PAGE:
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Discussion in 'Land of the Rising Sun: ADV Bikes from Japan' started by VTbeemer, Apr 7, 2017.
Yeah, but that FZ07 P Twin is smooth and fast!
Oh, I am sure it is. I looked at getting the MT07 or XSR 700 in the UK (after doing a lot of research for a fun road bike that I could also ride long distance) before I left to come back to the US , and just about everyone that had either one of those bikes fell in love with it in large part due to the engine.
I regret cancelling the test rides for those!
Never owned a Yamaha, though I had a friend in South Africa who owned a farm and had a great collection of off road bikes, and his favorite was a 250 Yamaha MX bike which he did insane stunts on and had awesome power!
Yamaha makes great bikes.......very well engineered and very dependable as a whole. Like a lot of Japanese brands the suspension is usually the weak point but upgradable.
It's really often the buyers fault Imo.
The Japanese have access top shelf suspension if they want.
Buyers expect Japanese machines to be cheaper than the Euros and the Japanese need to down spec somewhere to save $.
Suspension is often what is cut.
Heck in the auto industry this expectation was so prevelant that the mfgs needed to create a complete separate company to create up spec cars.
I had hoped over the years the Japanese Moto mfg would at least create up-spec R versions of bikes but that never panned...thus the end user must built what he wants.
Very good point. On the other hand, it offers the possibility for the buyer to judiciously spend the $'s on the suspension specs that is most appropriate for his/her use. Which may lead to, in the end, a better suspension than what comes stock in a BMW F800GS or Tiger 800.
In the end you still have a traditional fork on many of these Japanese machines with better valving vs starting with a base USD fork. In stock form these will probably match that improved traditional fork & with better valving will vastly outpace it.
You can't usually just easily bolt on USD forks in place of those traditional forks if that's your desire.
Outback bikes are more equal because shocks are a bolt on option regardless of the front spec.
The RR CB500X is a prime example of all of this. You have an improved traditional front fork with a top shelf rear Tractive shock.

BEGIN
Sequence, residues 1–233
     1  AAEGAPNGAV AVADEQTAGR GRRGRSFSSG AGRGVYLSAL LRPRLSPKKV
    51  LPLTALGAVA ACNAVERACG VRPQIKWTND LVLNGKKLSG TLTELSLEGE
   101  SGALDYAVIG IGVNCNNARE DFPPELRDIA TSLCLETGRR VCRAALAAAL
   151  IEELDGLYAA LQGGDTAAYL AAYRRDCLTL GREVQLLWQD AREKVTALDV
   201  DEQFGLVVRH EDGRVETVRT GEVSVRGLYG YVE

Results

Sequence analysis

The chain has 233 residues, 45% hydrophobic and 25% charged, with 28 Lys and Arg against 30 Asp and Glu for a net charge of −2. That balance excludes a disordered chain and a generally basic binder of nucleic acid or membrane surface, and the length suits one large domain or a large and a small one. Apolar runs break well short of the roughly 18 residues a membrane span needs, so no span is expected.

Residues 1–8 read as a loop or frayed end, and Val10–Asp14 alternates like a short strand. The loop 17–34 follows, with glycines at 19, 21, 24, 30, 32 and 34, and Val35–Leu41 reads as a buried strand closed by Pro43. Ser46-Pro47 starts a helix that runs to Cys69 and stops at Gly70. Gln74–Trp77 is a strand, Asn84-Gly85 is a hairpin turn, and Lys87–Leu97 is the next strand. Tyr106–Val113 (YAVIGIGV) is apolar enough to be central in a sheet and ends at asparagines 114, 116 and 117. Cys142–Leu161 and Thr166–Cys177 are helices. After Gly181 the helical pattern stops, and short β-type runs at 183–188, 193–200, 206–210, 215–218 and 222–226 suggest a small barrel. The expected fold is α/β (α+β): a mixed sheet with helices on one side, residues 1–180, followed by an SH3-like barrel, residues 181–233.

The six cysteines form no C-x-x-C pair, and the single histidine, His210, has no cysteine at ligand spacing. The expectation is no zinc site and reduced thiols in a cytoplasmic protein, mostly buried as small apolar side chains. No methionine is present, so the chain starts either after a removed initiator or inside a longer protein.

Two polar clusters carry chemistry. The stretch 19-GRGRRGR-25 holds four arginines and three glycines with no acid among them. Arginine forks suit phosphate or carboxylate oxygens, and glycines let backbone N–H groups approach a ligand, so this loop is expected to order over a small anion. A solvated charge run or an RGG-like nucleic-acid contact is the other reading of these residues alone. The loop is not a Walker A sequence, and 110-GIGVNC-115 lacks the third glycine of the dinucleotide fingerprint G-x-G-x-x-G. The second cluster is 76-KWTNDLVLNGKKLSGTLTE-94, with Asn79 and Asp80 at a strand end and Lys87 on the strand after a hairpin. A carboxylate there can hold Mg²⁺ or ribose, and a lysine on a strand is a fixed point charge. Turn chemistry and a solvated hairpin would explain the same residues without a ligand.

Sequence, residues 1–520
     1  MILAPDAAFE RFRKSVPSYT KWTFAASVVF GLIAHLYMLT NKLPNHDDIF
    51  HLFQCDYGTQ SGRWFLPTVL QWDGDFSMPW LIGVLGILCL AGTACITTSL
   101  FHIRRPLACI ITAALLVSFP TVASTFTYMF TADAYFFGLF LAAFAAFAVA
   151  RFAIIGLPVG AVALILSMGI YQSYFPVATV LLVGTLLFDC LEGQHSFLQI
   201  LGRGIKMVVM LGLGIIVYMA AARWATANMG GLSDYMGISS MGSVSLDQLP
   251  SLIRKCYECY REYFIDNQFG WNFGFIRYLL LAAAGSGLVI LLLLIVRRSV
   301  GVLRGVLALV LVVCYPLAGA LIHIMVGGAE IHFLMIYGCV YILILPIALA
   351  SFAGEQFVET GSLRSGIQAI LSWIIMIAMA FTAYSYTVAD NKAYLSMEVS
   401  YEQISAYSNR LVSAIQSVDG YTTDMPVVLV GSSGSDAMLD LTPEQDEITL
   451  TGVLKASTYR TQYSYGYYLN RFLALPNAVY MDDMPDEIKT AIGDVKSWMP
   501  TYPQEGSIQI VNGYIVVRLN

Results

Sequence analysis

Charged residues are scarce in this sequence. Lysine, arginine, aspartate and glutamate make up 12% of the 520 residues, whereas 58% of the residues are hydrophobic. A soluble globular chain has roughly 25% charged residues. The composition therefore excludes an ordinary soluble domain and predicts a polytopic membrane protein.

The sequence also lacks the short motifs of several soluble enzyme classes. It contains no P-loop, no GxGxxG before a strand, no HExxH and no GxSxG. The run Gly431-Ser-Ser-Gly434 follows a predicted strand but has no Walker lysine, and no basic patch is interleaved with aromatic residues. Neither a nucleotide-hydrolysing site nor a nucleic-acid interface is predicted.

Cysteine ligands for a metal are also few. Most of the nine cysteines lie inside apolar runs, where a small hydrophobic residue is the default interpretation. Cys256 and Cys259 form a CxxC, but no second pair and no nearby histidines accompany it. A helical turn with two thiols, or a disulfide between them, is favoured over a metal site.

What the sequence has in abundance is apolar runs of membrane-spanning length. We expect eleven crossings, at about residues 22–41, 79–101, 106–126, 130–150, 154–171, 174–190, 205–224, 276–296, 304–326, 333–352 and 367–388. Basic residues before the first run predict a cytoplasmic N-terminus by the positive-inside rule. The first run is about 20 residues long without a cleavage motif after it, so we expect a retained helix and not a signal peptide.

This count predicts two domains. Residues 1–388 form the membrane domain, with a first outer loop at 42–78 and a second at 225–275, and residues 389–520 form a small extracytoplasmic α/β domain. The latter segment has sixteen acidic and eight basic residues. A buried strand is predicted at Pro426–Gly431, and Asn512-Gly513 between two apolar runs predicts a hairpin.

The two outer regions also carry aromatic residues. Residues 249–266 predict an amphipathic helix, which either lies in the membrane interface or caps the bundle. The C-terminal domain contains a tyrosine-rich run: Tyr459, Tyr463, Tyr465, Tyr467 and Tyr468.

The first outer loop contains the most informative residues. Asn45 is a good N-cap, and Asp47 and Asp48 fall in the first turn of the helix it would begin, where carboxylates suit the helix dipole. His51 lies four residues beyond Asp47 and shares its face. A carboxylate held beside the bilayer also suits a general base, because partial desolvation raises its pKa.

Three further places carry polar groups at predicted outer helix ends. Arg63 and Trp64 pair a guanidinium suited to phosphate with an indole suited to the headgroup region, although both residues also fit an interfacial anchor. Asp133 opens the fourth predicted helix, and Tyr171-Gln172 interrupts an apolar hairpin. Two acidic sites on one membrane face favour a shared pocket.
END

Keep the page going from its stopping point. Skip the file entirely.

A USD front fork would take it to the next level but Honda did not spec it from the factory and RR said it was too $ in the process when they were developing the concept.
The Tiger 800 does have a high spec WP suspension built offered.
Very good point again. However, all "spy photos" of the Yamaha I've seen show it with a USD fork.
Indeed on the 700 Tenere, Yamaha is coming out swinging hard here. Maybe not grandslam hard, but not bunting like other mfg attempts. I was just commenting on your observation.
Thank you for clarifying - my comment was only targeting the Yamaha 700 Tenere.
Quite possibly the skinniest USD fork I have seen on a bike with supposed dirt road at least abilities.
I'm guessing 43-46 mm KYB forks will be used. Hard to tell from this pic and I'm betting this is final spec grade. We know Yamaha will not be using it's high spec WR/YZ forks on this bike.
PS yes the guy is front braking here and thus compression.
Would it be skinnier than BMWF800GS 43mm Marzocchi?
The Yamaha 660 Tenere is , or was , a great bike that Yamaha could have sold in the USA , but chose not to... Kawasaki sold lots of KLR 650'S all those years , here in the states , not in Europe ...
Seems like the Tenere 700 platform will be a nice upgrade from a KLR 650...
I always put a touring wind screen on my bikes for mile munching ...
Can you imagine a 70 horsepower KLR that weighed around 400 pounds , with a nice aerodynamic wind screen ... for those long highway rides ?
Bring it on baby
"Can you imagine a 70 horsepower KLR that weighed around 400 pounds , with a nice aerodynamic wind screen ... for those long highway rides ?"
I can't. Cause it's a Unicorn.
425lbs-455lbs is the best we can do from Japan with that kind of displacement to make that much horse power.
But I like the KLR reference.
Hopefully, the T7 project bike will also be sold next to the Tiger 800 XC bike.
The T7 was just over 400lbs, so maybe that is what you referenced.
Ridden: Yamaha T7 prototype
Written by motorcycle-magazine.com , Date 3:27 PM
What ever the final weight, some will always come off. WR250R guys have been working on that for 10 years.
Things that can lighten
-remove pillion pegs
-rear fender swap
-various reflectors removed
Of course most will add weight with protection and luggage.
"Motorrad measured the T7 at 185kg, complete with fuel. That’s impressive for a big, twin-cylinder enduro."
This Yamaha 700 Tracer has a claimed weight of 432 lbs.
Seems like a Tenere 700 would be somewhere around that number , maybe ?
It would be nice if it comes in less than my 650 Versys . That is 454 lbs.
Let's have some fun...
What will be heavier in Tenere comparison to the Tracer:
1. Wheels (spoke wheels are heavier than alloy wheels)
2. Tires and tubes (21 inch instead of 17 in + plus off-road tires are likely heavier)
3. Suspension (longer travel suspension)
4. Engine support (from the pictures of the T7 and spy photos of the consumer version, there are bars that come down on the front and side of the engine which connect to a bash plate)
5. Beefier sub-frame?
What owners will likely add to the Tenere
1. Bash plate
2. Other engine protection bars
4. Rear and side racks
What owners can remove or reduce weight on the Tracer/Tenere:
1. Remove passenger pegs
2. Lighter slip on exhaust
What did I miss?
So what is the final tally?
Pictures shows that the prototype of the new Tenere has "linkage mounted rear suspension" (heavier). The MT-07 and Tracer 700 don`t have linkage.
A few pounds more exhaust.
(hopefully) larger tank (4.5g/17L on tracer)
Should have kept my S10.